Immigration, Emigration and Retention (Under Development)
Permanent emigration refers to Canadian citizens or landed immigrants who leave Canada to acquire permanent residency in another country, while temporary emigration refers to Canadian citizens and immigrants living temporarily abroad who have not maintained a usual place of residence in Canada
The action of leaving one place to settle in another, especially within a country.
Increased immigration is designed to tackle the issue of retention, but once permanent resident status is issued, a newcomer is free to live anywhere in Canada. And in a significant number of cases, they decide to leave. Simply increasing immigration will not solve economic and demographic issues in Atlantic Canada. The real challenge is immigrant retention. New Brunswick, Newfoundland & Labrador, Nova Scotia and Prince Edward Island are all struggling with the economic impact of an aging population and shrinking labour force. Between 2011 and 2015, Nova Scotia retained 72 per cent of its immigrants, compared to 56 per cent in Newfoundland & Labrador, 52 per cent in New Brunswick and just 18 per cent in Prince Edward Island. Every other Canadian province has a retention rate of 80 per cent or more.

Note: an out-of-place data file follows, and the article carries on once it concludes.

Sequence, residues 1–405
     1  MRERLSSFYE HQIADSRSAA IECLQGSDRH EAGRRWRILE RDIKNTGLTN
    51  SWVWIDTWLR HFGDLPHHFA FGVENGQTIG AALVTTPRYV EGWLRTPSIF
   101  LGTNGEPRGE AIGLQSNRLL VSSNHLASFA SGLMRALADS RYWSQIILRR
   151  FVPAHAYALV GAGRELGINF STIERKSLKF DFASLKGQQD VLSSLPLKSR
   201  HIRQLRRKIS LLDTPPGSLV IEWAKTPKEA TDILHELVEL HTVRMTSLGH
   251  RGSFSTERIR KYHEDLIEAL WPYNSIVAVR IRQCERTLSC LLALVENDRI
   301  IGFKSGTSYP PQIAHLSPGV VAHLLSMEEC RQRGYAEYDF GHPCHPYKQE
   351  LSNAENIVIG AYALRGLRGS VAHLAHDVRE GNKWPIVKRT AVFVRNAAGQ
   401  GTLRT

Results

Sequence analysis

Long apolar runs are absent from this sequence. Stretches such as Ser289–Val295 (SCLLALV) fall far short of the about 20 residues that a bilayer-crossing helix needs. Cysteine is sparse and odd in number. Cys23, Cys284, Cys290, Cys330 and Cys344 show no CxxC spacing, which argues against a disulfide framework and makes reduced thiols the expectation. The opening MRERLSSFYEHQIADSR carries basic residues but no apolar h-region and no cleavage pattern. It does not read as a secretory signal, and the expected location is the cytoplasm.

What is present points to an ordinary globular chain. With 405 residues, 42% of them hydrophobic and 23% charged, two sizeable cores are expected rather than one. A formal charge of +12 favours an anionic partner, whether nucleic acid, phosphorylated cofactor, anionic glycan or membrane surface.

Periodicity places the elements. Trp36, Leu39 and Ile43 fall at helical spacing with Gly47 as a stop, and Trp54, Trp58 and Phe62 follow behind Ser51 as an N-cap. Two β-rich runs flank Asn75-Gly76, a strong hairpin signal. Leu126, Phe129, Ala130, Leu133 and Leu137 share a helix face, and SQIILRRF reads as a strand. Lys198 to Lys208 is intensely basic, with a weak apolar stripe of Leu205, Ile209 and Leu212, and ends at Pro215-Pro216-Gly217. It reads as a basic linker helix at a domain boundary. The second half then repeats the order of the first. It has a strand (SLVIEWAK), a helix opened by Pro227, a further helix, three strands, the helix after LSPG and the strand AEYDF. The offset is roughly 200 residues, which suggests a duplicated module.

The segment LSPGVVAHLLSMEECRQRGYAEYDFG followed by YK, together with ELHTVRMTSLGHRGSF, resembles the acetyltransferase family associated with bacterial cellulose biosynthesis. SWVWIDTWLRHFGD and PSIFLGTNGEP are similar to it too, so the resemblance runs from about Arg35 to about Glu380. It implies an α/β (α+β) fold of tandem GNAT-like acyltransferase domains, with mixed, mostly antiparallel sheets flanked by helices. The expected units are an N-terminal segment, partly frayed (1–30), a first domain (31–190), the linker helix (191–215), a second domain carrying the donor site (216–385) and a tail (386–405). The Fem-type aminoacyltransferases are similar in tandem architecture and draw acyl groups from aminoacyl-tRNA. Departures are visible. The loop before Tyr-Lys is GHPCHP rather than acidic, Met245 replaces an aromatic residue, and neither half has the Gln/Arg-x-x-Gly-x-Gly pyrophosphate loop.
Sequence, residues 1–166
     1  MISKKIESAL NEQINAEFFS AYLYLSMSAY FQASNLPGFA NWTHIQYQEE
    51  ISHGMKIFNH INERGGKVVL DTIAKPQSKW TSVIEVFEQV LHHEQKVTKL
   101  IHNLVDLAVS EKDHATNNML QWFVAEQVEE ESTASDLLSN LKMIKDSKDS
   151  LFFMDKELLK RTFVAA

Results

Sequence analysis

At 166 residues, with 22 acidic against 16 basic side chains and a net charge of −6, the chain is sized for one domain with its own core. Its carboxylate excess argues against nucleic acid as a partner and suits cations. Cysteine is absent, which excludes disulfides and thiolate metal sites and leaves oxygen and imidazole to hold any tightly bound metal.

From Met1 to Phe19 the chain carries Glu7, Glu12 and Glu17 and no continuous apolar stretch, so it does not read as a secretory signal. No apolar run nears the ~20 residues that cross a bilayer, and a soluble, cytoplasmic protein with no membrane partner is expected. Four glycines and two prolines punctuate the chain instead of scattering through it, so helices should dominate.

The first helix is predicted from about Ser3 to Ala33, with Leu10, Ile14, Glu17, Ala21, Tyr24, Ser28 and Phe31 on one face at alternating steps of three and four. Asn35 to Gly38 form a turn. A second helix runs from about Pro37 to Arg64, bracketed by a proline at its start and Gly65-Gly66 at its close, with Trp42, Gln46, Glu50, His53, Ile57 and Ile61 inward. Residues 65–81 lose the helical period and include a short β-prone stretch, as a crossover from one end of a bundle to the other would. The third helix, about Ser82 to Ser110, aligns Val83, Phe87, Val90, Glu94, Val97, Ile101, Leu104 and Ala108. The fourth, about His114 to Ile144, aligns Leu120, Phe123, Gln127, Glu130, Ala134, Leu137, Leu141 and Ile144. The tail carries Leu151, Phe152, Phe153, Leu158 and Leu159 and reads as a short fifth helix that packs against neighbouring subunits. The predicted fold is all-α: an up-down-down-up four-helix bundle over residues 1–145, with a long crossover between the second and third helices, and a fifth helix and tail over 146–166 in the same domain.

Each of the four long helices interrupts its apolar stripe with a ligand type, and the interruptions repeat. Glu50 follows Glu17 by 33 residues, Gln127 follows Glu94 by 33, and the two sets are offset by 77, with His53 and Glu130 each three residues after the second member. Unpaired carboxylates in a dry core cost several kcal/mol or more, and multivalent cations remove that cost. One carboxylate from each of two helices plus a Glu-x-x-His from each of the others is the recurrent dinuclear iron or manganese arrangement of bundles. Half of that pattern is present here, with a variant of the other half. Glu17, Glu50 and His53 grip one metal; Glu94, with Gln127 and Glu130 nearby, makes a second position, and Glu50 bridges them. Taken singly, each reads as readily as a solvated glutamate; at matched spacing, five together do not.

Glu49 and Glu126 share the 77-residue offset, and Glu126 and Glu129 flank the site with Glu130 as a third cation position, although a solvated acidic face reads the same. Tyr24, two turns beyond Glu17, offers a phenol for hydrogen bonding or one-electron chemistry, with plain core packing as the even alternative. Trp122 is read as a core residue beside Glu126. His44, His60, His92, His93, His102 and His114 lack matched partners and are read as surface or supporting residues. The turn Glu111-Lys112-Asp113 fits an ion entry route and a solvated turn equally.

|Emigration/Outmigration Estimates||Retention||Determinants of Outmigration||Tracking and Monitoring Outmigration||Impacts of Outmigration||Policy and Research Implications|